Walter E. Williams

Bruce Fleming, an English professor at the academy for 22 years, teaches a remedial English class and finds that in his spring 2009 class, most of NAPS's students earn Cs and Ds and many are on probation. About seven years ago Professor Fleming was on the admissions board, where the standing instruction is not to write anything down because "everything is 'FOI'able" -- meaning it can be demanded under the Freedom of Information Act. Such an instruction highlights the dishonesty of race preferences. The dishonesty doesn't stop there. The academy will go to great lengths to retain black students. When Professor Fleming charged a black student with plagiarism, he was not properly informed of the hearing and subsequently the student's peer group found him not guilty. Honor violations by black students are usually "remediated."

I suspected that the Naval Academy's diversity agenda would give rise to resentments so I asked Professor Fleming about it. He said there are two levels of resentment. Some black students, who were admitted to the academy meritoriously on the same basis as white students, resent the idea of being seen as having the same academic qualities as blacks who were given preferential treatment, in other words being dumb. Another level of resentment comes from white students who see blacks as being admitted and retained at lower levels of academic performance and being treated with kid gloves. If these whites openly complained about the unequal treatment, they would run the risk of being labeled as racists. This is one of the unappreciated aspects of preferential treatment. It runs the risk of creating racist attitudes, and possibly feelings of racial superiority, among whites and others who were formerly racially neutral.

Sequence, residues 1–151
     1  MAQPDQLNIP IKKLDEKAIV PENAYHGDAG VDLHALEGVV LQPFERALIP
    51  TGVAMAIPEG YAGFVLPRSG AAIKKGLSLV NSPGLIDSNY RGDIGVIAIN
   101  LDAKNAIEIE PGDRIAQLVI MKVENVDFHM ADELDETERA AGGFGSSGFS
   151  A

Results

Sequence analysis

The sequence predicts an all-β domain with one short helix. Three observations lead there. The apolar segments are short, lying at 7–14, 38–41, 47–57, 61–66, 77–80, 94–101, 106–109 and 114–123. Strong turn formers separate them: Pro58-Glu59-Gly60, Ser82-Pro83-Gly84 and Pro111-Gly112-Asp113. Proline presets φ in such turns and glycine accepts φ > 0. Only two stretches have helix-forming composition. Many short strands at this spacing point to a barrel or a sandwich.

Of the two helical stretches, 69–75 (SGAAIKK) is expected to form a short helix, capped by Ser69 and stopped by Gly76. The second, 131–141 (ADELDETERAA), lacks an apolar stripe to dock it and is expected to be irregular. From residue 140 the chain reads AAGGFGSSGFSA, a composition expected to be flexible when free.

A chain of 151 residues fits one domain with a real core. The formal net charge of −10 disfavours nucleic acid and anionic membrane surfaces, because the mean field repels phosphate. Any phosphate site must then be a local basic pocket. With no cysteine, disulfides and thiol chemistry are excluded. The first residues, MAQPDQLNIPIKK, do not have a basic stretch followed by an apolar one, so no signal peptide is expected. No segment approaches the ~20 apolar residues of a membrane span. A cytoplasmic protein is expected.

Colleges and universities with racially preferential admittance policies are doing a great disservice to blacks in another, mostly ignored, way. By admitting poorly prepared blacks, they are helping to conceal the grossly fraudulent education the blacks receive at the K through 12 grades.

Walter E. Williams

Dr. Williams serves on the faculty of George Mason University as John M. Olin Distinguished Professor of Economics and is the author of 'Race and Economics: How Much Can Be Blamed on Discrimination?' and 'Up from the Projects: An Autobiography.'
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